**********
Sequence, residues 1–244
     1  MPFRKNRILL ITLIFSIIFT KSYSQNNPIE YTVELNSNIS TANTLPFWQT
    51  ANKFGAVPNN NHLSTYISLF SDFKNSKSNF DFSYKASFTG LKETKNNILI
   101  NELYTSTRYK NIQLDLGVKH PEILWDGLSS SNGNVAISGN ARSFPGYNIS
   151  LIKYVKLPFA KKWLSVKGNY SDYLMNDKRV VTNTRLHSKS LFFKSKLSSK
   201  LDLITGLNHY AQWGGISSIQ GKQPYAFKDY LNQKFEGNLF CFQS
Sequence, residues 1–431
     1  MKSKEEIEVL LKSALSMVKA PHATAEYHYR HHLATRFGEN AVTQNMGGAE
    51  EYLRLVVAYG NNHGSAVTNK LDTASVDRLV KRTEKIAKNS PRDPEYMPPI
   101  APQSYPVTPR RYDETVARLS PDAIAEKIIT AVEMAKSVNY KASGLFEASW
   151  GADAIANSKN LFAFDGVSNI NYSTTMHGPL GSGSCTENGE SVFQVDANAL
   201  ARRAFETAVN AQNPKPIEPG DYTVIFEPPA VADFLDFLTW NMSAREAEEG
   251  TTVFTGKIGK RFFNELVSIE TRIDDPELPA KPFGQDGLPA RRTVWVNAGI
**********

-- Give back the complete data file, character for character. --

Sequence, residues 1–244
     1  MPFRKNRILL ITLIFSIIFT KSYSQNNPIE YTVELNSNIS TANTLPFWQT
    51  ANKFGAVPNN NHLSTYISLF SDFKNSKSNF DFSYKASFTG LKETKNNILI
   101  NELYTSTRYK NIQLDLGVKH PEILWDGLSS SNGNVAISGN ARSFPGYNIS
   151  LIKYVKLPFA KKWLSVKGNY SDYLMNDKRV VTNTRLHSKS LFFKSKLSSK
   201  LDLITGLNHY AQWGGISSIQ GKQPYAFKDY LNQKFEGNLF CFQS
Sequence, residues 1–431
     1  MKSKEEIEVL LKSALSMVKA PHATAEYHYR HHLATRFGEN AVTQNMGGAE
    51  EYLRLVVAYG NNHGSAVTNK LDTASVDRLV KRTEKIAKNS PRDPEYMPPI
   101  APQSYPVTPR RYDETVARLS PDAIAEKIIT AVEMAKSVNY KASGLFEASW
   151  GADAIANSKN LFAFDGVSNI NYSTTMHGPL GSGSCTENGE SVFQVDANAL
   201  ARRAFETAVN AQNPKPIEPG DYTVIFEPPA VADFLDFLTW NMSAREAEEG
   251  TTVFTGKIGK RFFNELVSIE TRIDDPELPA KPFGQDGLPA RRTVWVNAGI